2018 Kyoko Selden Translation Prize Announcement

On the fifth anniversary of the establishment of the Kyoko Selden Memorial Translation Prize through the generosity of her colleagues, students, and friends, the Department of Asian Studies at Cornell University is pleased to announce the winners of the 2018 Prize.

In the category of “Already Published Translator,” the prize has been awarded to Dawn Lawson (Head, Asia Library, University of Michigan), for Nakajima Shōen’s  A Famous Flower in Mountain Seclusion (Sankan no meika, 1889). Lawson’s translation makes available in English for the first time a full translation of the novella by the woman who, under the name Kishida Toshiko, was a powerful orator of the Freedom and People’s Rights Movement and key figure in early struggle for women’s rights in Japan. The translation renders into delightfully readable English Nakajima’s witty satire of Meiji mores, as well as her depiction of the isolation often endured by women who, like herself, pursued lives that did not entirely conform to patriarchal norms.

 “Honorable Mention in the category of “Already Published Translator” has been awarded to Bruce Allen, Faculty of Seisen University, Tokyo, for his eloquent translation of Chapter Four of Ishimure Michiko’s historical novel about the Shimabara Rebellion, Birds of Spirit (Anima no tori, 1999), which he is currently translating in its entirety. Allen’s rendition of the text is enriched by his long-standing engagement with the writings and powerful ecocritical vision of Ishimure, who passed away in 2018.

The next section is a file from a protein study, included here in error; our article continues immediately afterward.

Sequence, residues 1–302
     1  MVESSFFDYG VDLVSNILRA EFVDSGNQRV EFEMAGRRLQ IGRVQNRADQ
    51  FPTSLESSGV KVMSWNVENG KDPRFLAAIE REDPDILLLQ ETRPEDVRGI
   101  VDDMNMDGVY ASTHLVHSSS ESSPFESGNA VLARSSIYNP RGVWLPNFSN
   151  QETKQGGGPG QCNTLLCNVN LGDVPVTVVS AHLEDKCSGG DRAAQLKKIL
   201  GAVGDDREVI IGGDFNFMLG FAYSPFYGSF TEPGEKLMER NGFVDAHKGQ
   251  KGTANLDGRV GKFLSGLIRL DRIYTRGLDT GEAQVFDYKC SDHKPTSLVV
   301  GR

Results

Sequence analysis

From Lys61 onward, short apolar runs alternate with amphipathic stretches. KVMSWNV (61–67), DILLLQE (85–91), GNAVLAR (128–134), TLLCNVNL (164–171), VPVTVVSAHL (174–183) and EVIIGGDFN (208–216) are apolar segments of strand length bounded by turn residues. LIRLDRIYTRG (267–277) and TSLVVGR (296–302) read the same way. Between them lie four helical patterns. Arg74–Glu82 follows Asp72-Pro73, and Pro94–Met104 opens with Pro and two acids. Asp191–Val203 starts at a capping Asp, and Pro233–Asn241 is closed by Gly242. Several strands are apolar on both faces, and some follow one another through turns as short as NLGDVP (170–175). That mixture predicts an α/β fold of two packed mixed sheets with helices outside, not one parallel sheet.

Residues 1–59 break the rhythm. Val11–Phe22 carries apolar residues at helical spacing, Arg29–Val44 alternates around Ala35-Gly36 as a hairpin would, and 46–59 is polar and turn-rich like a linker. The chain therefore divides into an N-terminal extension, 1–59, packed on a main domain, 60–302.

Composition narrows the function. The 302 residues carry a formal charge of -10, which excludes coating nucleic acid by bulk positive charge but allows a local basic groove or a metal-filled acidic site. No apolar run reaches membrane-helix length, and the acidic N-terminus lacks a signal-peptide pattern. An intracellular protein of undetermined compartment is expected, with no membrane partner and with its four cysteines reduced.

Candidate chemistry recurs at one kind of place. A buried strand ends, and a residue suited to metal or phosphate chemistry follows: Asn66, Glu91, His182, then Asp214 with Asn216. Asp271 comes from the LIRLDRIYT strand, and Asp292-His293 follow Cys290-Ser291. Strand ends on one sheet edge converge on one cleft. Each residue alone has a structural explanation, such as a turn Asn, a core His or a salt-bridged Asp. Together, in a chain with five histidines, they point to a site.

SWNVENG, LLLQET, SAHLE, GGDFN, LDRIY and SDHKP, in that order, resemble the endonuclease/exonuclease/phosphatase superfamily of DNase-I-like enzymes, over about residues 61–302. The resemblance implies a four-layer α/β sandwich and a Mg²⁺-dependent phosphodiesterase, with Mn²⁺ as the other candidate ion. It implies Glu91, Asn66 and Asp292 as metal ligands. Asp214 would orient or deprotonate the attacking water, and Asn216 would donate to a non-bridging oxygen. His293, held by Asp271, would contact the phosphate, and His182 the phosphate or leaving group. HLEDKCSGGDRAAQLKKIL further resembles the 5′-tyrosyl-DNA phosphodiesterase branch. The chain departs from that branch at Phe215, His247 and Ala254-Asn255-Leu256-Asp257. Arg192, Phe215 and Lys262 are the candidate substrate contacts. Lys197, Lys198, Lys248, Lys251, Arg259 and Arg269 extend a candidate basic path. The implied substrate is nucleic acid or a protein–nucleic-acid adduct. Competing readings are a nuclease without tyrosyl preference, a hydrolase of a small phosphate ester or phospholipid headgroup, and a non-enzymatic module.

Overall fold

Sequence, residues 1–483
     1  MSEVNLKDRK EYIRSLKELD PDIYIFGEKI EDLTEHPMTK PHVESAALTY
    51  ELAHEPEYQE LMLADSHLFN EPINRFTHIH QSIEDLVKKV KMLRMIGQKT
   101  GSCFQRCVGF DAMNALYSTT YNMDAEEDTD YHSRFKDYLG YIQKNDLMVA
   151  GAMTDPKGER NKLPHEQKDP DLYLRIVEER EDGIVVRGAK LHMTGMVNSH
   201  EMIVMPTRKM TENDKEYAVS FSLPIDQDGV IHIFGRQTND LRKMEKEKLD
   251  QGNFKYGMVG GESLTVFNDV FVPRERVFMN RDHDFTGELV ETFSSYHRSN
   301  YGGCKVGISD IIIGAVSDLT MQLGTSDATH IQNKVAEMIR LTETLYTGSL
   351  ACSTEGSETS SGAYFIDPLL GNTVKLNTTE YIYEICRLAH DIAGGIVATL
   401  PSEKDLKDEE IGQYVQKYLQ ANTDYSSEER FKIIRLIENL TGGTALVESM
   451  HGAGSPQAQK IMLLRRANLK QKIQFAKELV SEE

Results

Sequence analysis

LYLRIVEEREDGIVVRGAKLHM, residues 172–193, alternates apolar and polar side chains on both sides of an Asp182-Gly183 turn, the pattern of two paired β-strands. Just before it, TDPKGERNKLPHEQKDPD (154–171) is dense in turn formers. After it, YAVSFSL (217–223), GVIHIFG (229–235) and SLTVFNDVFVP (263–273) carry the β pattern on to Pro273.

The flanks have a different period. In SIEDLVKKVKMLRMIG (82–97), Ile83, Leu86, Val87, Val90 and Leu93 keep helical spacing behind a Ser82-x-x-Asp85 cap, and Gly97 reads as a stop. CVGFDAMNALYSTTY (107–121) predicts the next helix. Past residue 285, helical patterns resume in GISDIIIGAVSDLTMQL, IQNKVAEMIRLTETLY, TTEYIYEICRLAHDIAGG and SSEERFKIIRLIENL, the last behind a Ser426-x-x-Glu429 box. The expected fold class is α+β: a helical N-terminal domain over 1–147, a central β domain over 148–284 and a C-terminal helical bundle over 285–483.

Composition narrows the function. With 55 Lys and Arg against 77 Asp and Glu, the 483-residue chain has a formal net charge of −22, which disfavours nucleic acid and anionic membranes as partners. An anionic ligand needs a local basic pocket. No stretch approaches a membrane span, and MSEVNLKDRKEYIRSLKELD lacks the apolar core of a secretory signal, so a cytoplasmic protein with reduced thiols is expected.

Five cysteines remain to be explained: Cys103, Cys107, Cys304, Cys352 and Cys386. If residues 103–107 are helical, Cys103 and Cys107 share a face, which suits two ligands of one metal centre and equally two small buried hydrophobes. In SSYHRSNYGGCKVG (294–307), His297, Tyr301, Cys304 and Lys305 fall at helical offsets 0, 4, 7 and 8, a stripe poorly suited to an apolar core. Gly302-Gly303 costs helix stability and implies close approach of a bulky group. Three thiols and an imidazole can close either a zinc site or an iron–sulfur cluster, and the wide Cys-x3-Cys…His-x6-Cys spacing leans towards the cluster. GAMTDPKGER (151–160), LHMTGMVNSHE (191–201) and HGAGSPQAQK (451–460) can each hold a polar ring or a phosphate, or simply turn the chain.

In the category of “Unpublished Translator,” the prize has been awarded to Max Zimmerman, of Nikkei America, for translating the short story, “An Artificial Heart” (Jinkō Shinzō, 1926) by Kosakai Fuboku. Like the Lawson translation, Zimmerman’s text makes available in English for the first time the work by an acclaimed pioneer of science fiction in Japan. Zimmerman’s meticulous and concise prose well captures the style of this breakthrough piece by Kosakai, a renowned researcher in physiology and serology, whose fictional account of the construction of an artificial heart anticipated the first successful heart transplant by almost sixty years. 

More news

Shinto Gate